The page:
Political Friendships: The Funambulist Magazine “Behind the Scenes”


Léopold Lambert – Paris on July 11, 2016
If you enjoy articles of the blog, have a look at The Funambulist Magazine!

The 127 guests (friends) of Archipelago, The Funambulist’s podcast since January 2014.

On July 2nd, I was lucky enough to be able to be part of the Athens conference Autonomapresenting my half of a talk elaborated with friends of dpr-barcelona, Ethel Baraona Pohl and César Reyes Nájera, entitled “Political Friendships.” Through it, we intended to address the politics of form rather than contents, as we usually do in our talks. By addressing the “form,” we meant to discuss about the “behind the scenes” part of our editorial work in order to put on the table as many political elements that usually remain undiscussed because they do not explicitly materialize in the final aspect of this work. Every day, we have to take or confirm a certain amount of decisions that have important political consequences but that rarely get addressed as part of a larger debate. This text is a synthesis of the talk I gave in this context, hoping that the conversation engaged in Athens could continue here, online. With the sixth issue of the magazine now published, thus concluding the first year of existence of the publication, this also allows me to pin point a few problems that need to be addressed in the coming months, as well as to give a more personal (i.e. more fallible) account of this work.

01. Logistics

Let’s start with my office in Paris. This is where I work 7 days a week when I’m not travelling. I ought to make it more equipped to host meetings with the occasional visitors and collaborators!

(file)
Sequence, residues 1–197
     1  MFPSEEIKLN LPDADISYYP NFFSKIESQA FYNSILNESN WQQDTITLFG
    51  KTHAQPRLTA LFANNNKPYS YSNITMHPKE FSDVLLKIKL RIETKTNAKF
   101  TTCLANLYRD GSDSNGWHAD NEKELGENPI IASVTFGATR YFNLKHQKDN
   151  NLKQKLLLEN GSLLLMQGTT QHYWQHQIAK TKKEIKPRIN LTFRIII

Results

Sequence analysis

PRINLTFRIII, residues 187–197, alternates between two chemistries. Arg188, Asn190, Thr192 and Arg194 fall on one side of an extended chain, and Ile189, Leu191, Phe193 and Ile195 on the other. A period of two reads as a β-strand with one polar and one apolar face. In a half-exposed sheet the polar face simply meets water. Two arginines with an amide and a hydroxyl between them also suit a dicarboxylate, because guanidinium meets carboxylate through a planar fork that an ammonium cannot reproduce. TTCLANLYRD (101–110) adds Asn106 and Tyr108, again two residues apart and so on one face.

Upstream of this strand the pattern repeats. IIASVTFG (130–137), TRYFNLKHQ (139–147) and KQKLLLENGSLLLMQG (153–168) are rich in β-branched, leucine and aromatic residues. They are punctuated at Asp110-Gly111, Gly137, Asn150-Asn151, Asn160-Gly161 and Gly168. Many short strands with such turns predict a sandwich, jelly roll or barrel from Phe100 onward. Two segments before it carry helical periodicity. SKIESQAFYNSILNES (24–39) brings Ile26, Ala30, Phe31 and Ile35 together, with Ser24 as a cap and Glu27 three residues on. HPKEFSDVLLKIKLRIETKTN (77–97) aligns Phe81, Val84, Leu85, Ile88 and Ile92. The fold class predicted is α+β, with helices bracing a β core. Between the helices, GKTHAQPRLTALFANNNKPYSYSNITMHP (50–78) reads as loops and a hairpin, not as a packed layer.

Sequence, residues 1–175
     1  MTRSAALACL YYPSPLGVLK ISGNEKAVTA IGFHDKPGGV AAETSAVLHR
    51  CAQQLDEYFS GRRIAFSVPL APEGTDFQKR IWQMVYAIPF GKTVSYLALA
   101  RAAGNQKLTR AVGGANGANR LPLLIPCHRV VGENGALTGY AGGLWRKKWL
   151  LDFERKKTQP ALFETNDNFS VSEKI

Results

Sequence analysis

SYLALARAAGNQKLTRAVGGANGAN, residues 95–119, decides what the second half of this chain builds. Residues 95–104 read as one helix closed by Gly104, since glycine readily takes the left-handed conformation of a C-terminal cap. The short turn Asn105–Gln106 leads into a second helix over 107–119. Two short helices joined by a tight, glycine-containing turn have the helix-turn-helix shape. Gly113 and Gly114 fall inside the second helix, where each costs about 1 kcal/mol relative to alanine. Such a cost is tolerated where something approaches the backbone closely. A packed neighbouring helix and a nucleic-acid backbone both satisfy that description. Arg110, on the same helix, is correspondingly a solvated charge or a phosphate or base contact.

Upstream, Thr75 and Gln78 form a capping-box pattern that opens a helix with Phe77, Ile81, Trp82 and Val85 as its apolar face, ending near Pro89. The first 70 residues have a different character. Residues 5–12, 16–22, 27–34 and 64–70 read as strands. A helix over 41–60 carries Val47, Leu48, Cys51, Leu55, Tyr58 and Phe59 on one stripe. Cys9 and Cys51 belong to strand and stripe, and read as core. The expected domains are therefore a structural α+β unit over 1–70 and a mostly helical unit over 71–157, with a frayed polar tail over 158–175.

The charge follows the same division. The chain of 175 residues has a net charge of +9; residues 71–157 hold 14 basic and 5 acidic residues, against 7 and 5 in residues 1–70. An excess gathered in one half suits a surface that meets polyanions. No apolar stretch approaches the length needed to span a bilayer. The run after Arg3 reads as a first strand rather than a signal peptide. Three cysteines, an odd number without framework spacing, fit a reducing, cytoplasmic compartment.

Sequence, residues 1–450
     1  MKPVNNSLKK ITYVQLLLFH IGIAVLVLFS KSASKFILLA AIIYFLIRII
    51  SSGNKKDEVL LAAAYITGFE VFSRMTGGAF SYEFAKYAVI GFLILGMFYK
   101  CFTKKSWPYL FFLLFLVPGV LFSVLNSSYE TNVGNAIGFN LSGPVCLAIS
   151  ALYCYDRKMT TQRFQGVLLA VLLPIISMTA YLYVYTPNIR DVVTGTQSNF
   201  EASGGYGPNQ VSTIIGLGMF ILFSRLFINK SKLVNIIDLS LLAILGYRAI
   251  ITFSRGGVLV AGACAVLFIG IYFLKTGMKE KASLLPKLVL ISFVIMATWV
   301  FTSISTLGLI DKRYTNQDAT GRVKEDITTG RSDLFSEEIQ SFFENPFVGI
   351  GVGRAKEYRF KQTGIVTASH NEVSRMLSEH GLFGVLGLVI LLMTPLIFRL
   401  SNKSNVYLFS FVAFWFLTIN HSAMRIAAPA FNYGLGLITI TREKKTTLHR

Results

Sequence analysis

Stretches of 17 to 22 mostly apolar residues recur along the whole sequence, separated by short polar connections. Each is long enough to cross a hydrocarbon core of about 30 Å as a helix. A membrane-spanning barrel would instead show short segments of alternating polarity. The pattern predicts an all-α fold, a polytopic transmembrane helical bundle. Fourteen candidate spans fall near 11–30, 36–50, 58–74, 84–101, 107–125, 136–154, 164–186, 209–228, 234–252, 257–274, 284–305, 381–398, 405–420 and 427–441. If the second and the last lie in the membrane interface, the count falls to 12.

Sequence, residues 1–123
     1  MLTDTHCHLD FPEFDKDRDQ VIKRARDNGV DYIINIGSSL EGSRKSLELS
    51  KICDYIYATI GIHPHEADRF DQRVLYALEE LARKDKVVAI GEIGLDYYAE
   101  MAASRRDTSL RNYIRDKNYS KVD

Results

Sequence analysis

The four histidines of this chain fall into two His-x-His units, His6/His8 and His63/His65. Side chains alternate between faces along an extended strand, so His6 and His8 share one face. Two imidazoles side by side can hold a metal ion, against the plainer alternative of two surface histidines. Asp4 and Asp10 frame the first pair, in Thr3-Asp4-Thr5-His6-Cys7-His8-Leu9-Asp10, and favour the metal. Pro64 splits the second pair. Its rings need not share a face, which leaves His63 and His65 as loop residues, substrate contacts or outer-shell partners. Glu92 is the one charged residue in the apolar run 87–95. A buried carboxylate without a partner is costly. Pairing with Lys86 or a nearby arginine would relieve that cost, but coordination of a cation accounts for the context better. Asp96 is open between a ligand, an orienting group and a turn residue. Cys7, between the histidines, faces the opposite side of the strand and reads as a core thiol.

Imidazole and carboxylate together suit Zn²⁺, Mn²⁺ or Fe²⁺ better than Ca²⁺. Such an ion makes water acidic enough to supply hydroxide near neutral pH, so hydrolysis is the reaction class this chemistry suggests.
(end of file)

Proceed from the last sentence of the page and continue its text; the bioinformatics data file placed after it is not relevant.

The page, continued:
Of course, an editorial project requires a lot of work on the computer: exchanging emails with contributors, editing the drafts received, finding authorized illustrations, designing the layout of the magazine, and formatting texts within it, etc. The tone of the articles is important in relation to the audience with which the project wants to engage. In this case, a strong emphasis is put on the idea that a non-academic, not necessarily English-native reader audience — such a profile includes myself to a certain extent — should be able to understand every text: jargon and footnotes are prohibited. This is not to say that every idea can be explained through a simple language but, rather, that the arguments curated in the publication cannot claim to be politically engaging if they require an academic background to understand them.

Publishing a printed magazine means that there is a also an object logistic behind it. Every other month, I send a file to be printed near Lyon and hope for the best when receiving several hundreds copies a few days later (offset printing does not allow any testing). A first element of self-critique concerns the politics of printing which, beyond the patronizing of a small local business, remains non-engaged when it comes to the paper and ink manufacturing for instance. Once received, a few hundreds copies are to be immediately placed into envelopes, carried to the affiliated post office (usually in two large suitcases) and shipped to the subscribers and bookstores that, hopefully, will receive them a few days later. In this regard, it is interesting to see which national postal service are the most efficient and what it reveals about the concerned country’s value of public service. USPS in the United States, for instance, seems to have given up their profession to private services.

02. Money

Money. The taboo of too many anti-capitalist conversations (including this conference). It seems however very important to tackle it in order to act on its consequential politics. Every month, I have to spend about a full day of accounting, and subsequent budgeting for the coming month. The tracking of bills to pay (healthcare, internet, rent, etc.) and to receive is also an important part of this day. Although this might appear facetious, this exercise is crucial to the survival of the project and, as such, the time and energy spent on it feels engaging and the end of these days always leave me with a sense of accomplishment. Through this overview of the economic dimension of the publication, I also get a synthesis of the various elements involving money that have strong political incidences.